In a lot of ways, Smith invented the intergalactic space opera, from which so many well known books, television shows and films owe their existence.
Read up on The Amazing Stories of E.E. Doc Smith over on the Kirkus Reviews blog.
In December 2011, we had a week where three movie trailers hit the web: The Dark Knight Rises, The Hobbit and Prometheus. They looked stunning: these were perfectly crafted marketing tools from films with slick visuals, a promising story, and an unheard of amount of hype around their production. 2012 was shaping up to be an incredible movie year. The Avengers looked quite good good, although it’s trailer was released at a different point in time.
The thing is, in my opinion, none of these movies really held up to the hype. I liked them okay: The Dark Knight Rises was good, but not as good as The Dark Knight (my all-time favorite comic book film), The Hobbit was quite good, but it lingered in almost every scene when it didn’t need to, and Prometheus, well. I liked Prometheus for all the wrong reasons: it’s execution was pretty bad, even as it looked wonderful. The Avengers was the best of the lot, even if it felt like every moment was designed by committee. I fell to the trap of the film’s marketing departments, who knew just what worked to draw audiences to the theaters.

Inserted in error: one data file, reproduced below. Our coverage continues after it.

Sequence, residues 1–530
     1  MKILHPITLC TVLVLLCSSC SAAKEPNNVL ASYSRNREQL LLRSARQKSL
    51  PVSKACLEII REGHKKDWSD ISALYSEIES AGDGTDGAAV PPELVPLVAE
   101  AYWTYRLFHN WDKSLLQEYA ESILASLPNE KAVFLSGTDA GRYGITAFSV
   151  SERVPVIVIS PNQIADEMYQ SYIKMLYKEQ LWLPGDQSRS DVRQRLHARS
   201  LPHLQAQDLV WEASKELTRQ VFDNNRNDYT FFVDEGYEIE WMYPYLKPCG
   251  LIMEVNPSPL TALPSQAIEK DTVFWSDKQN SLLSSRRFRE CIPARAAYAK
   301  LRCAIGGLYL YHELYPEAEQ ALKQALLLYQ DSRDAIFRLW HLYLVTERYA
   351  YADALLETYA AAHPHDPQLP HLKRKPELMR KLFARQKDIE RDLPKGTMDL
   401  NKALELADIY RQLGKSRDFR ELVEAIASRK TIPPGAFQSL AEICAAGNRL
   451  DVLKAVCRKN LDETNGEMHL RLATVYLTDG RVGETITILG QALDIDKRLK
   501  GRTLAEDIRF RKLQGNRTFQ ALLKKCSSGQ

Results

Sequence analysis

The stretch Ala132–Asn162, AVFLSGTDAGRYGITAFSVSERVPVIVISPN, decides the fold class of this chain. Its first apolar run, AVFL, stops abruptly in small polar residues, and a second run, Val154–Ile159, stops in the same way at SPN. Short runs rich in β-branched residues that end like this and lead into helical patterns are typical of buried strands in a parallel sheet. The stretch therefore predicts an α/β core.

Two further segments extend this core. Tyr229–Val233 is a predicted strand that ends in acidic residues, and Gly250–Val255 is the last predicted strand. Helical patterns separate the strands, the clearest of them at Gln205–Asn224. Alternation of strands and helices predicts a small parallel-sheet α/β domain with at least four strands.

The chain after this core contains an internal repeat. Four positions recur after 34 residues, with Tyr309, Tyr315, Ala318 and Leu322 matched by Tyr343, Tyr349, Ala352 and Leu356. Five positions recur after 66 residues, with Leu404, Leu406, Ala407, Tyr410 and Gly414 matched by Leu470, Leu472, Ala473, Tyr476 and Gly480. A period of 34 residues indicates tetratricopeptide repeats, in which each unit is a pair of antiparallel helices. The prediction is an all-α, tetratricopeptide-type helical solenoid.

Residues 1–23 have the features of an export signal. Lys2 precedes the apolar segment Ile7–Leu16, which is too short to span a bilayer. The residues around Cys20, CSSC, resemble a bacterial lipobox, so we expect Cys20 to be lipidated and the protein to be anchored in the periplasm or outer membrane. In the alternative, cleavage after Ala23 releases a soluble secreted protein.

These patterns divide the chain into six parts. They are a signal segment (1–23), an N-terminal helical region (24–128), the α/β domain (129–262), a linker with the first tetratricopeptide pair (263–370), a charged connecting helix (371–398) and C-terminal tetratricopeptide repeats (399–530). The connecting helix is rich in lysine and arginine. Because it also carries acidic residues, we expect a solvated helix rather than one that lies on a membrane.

REVIEW SUMMARY: A unique and interesting resource when looking at history.
BRIEF SYNOPSIS: Science Fiction tends to be closely linked with contemporary history in more ways than one would expect. In this collection of papers, historians examine the parallels between real-world history and the Star Wars franchise.
PROS: A neat and interesting way of looking at history.
CONS: Oversteps its bounds at points.
BOTTOM LINE: Know a Star Wars fan who’s having trouble with history? This volume might be the best way to get them interested.
When I was in grade school, I had trouble reading early on: the books that I had for my classes weren’t doing it for me, and it wasn’t until my parents gave me a couple of youth mystery novels (Encyclopedia Brown and the Hardy Boys), that my appetite for reading was realized, and I began consuming books with an ever increasing pace. I bring this up because this was the first thing that sprang to mind while reading through this history text: this is THE book for any kid in high school who’s struggling with the basics of history, and simply needs to look at it in a different light.